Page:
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Samsung’s price cuts for high-end phones worked, but hurt profits

First, the good news for Samsung: it made more mone1y in the third quarter (as it predicted2) than it did in the same period last year. In 2015 it racked up $6.46 billion in operating profit for Q3, which is far better3 than 2014’s $3.8 billion haul, but still not back to 2013’s peak of $9.6 billion4. In its detailed release today (PDF5), Samsung confirmed brisk sales of new flagships like the Galaxy Note 5 and Galaxy 6 Edge+6 but price reductions on the new S6 models and more sales of midrange phones.

Accordingly, Samsung is apparently focusing on “maintaining” these results more than getting back to its previous high. Also, it’s planning to buy back some $10 billion of its own stock7 over the next year. In 2016, it figures the growth rate for phone sales will continue to slow down, so expect to see fewer models released as it streamlines the lineup. Of course, as always, it’s planning on pumping up TV sales with bigger and better models, and pushing new wearables to go with its phones. As it stands, the most interesting spot in Samsung’s plans for next year could be the transparent and mirror display tech8 it plans to roll out for use in automobiles and head-mounted displays, so keep an eye out for that at CES in January.

References

  1. ^ made more mone (global.samsungtomorrow.com)
  2. ^ predicted (www.engadget.com)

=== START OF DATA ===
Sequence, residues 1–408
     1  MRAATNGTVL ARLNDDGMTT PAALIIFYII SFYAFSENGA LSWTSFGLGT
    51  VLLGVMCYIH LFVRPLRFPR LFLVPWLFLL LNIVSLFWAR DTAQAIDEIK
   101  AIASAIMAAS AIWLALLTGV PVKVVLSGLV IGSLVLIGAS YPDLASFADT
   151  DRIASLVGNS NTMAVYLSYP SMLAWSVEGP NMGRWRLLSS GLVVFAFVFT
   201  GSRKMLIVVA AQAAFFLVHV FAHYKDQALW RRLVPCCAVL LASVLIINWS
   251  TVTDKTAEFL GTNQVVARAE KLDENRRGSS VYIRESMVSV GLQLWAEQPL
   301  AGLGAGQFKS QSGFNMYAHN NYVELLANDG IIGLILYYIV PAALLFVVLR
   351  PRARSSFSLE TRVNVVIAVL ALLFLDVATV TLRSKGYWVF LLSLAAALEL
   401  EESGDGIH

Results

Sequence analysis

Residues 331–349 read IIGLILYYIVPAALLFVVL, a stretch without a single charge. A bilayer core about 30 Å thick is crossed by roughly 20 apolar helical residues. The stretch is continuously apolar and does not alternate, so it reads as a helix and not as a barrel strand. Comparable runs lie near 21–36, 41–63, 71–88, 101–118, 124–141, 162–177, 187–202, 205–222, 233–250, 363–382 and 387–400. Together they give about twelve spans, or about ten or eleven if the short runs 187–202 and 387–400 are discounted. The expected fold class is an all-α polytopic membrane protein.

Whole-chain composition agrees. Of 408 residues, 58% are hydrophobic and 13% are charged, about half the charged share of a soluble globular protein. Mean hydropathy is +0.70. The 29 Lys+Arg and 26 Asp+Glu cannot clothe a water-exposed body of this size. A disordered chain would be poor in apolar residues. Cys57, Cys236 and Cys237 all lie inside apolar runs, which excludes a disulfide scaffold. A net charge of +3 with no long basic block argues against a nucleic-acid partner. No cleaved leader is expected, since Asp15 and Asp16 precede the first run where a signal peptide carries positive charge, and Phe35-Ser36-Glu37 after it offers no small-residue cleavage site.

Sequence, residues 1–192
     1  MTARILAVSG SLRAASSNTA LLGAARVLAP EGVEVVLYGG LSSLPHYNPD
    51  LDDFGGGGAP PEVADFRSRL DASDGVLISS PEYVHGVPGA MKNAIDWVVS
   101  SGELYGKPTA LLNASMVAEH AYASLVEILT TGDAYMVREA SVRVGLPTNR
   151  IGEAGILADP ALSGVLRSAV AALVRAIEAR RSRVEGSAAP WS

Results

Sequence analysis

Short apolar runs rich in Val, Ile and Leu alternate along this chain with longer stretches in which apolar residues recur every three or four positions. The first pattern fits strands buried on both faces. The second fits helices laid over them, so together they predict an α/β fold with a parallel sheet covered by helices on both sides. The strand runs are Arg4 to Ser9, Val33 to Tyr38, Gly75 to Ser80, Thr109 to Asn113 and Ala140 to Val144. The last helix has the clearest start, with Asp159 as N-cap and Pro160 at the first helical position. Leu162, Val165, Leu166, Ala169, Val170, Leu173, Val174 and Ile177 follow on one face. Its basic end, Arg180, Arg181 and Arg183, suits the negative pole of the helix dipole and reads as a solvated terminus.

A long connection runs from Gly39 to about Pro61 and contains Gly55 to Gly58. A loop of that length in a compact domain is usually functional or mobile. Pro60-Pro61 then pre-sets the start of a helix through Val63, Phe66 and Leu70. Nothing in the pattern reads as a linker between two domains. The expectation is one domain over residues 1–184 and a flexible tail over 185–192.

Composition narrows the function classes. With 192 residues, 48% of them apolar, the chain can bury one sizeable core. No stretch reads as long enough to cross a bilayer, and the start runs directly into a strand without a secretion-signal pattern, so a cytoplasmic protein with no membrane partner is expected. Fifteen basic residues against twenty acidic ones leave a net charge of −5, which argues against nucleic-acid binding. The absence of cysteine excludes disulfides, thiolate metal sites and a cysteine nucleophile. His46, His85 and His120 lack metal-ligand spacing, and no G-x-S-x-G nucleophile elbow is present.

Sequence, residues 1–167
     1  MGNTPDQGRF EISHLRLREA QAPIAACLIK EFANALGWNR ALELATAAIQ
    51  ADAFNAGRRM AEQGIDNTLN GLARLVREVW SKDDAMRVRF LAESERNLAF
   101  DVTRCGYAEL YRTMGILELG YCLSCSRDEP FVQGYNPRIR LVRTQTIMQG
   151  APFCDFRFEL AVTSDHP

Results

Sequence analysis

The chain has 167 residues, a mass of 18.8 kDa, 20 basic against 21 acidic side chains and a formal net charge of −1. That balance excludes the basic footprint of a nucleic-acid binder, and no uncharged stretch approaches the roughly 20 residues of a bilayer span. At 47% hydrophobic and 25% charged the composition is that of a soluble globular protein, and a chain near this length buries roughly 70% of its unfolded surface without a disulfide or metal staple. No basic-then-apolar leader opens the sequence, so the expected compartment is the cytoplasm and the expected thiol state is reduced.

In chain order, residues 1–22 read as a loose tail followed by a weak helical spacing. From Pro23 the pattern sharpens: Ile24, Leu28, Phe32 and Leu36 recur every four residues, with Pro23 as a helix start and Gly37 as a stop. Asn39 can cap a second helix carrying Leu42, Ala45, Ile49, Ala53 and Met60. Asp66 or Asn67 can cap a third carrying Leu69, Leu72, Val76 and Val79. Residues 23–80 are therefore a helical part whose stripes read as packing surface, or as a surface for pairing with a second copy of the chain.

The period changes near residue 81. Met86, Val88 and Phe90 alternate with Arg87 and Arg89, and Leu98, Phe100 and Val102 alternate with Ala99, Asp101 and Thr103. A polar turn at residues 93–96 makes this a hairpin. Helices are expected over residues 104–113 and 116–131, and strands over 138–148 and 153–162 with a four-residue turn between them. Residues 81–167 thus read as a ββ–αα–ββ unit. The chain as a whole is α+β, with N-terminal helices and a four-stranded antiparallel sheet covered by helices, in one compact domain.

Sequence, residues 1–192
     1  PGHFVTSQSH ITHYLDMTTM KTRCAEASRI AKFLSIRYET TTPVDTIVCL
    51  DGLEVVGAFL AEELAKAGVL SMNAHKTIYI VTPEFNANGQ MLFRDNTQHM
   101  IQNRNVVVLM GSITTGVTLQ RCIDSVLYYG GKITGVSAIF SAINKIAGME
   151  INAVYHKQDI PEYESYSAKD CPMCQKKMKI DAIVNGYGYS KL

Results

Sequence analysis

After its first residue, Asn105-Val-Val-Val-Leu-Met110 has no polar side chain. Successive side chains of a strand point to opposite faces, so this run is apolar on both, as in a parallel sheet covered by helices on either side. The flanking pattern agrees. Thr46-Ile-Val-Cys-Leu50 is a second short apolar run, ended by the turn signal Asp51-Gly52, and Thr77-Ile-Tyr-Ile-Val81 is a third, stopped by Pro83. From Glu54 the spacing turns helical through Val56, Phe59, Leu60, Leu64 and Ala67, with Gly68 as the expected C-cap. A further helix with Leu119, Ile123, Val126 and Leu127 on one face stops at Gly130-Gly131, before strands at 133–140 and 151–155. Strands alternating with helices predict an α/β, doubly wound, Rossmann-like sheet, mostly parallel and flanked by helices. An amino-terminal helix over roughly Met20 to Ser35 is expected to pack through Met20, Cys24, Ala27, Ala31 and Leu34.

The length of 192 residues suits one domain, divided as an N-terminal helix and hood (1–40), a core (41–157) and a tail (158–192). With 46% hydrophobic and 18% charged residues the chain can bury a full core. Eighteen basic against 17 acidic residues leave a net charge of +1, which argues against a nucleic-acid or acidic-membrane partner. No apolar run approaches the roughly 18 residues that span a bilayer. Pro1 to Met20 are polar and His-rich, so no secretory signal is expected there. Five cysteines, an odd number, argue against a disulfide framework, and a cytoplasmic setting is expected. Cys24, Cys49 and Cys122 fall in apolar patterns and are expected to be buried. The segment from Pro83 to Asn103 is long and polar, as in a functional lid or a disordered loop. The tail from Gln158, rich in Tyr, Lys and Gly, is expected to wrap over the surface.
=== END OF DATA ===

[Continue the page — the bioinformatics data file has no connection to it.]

3. ^ far better (www.engadget.com)
  4. ^ 2013’s peak of $9.6 billion (www.engadget.com)
  5. ^ PDF (www.samsung.com)
  6. ^ Galaxy 6 Edge+ (www.engadget.com)
  7. ^ buy back some $10 billion of its own stock (global.samsungtomorrow.com)
  8. ^ transparent and mirror display tech (www.engadget.com)

LG's dual-screen V10 phone reaches AT&T and T-Mobile this week£

When LG promised that its unique V10 smartphone1 would reach the US soon after its Korean launch, it wasn’t kidding around. Both AT&T2 and T-Mobile3 have announced that you can order the dual screen, dual-selfie cam device this week — October 27th and 28th, respectively. The AT&T version comes in black or opal blue, and will cost you either $250 on a two-year contract or $29 per month on a similarly lengthy installment plan. You’ll get a 200GB microSD card, an extra battery and a charging cradle if you order quickly, too. The T-Mobile model doesn’t come with those perks, but it’s potentially cheaper at $25 per month (on a two-year payment plan) or $600 outright. Just be prepared to wait a little while if you insist on trying the V10 in-store. T-Mobile won’t carry it until October 30th, and you’ll be waiting until November 6th to see it at an AT&T shop.

References

  1. ^ unique V10 smartphone (www.engadget.com)
  2. ^ AT&T (about.att.com)
  3. ^ T-Mobile (newsroom.t-mobile.com)

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